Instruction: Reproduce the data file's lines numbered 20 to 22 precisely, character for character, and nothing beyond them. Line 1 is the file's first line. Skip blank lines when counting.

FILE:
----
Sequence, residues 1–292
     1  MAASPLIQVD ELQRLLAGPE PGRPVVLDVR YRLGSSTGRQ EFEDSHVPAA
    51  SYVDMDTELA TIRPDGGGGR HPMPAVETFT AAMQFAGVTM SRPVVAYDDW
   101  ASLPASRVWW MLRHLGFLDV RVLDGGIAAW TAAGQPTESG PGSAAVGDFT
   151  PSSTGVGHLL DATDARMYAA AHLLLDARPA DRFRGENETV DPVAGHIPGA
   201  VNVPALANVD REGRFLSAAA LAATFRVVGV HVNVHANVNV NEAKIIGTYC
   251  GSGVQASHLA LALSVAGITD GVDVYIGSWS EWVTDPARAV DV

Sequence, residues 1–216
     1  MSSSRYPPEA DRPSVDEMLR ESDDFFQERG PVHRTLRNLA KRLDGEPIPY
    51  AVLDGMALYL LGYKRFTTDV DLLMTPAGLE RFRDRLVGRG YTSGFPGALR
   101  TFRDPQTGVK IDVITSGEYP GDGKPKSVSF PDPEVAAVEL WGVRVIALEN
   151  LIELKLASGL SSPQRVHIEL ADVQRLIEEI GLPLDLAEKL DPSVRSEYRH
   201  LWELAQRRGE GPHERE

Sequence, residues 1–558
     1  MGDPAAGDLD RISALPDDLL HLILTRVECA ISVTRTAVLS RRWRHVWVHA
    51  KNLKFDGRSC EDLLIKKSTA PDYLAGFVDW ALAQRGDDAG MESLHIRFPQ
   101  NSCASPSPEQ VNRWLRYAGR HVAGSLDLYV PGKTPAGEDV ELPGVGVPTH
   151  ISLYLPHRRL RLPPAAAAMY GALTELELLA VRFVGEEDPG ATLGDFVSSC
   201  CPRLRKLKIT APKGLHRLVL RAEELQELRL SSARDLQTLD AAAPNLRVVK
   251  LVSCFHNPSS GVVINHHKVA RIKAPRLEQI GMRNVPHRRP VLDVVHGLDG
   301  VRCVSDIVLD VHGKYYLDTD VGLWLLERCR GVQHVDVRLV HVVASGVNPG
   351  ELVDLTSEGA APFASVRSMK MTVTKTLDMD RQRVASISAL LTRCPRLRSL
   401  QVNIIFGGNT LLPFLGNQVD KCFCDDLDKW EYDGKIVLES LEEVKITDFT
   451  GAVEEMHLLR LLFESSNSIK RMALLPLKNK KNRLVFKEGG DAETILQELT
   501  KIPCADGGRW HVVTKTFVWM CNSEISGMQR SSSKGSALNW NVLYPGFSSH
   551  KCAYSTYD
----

   251  LVSCFHNPSS GVVINHHKVA RIKAPRLEQI GMRNVPHRRP VLDVVHGLDG
   301  VRCVSDIVLD VHGKYYLDTD VGLWLLERCR GVQHVDVRLV HVVASGVNPG
   351  ELVDLTSEGA APFASVRSMK MTVTKTLDMD RQRVASISAL LTRCPRLRSL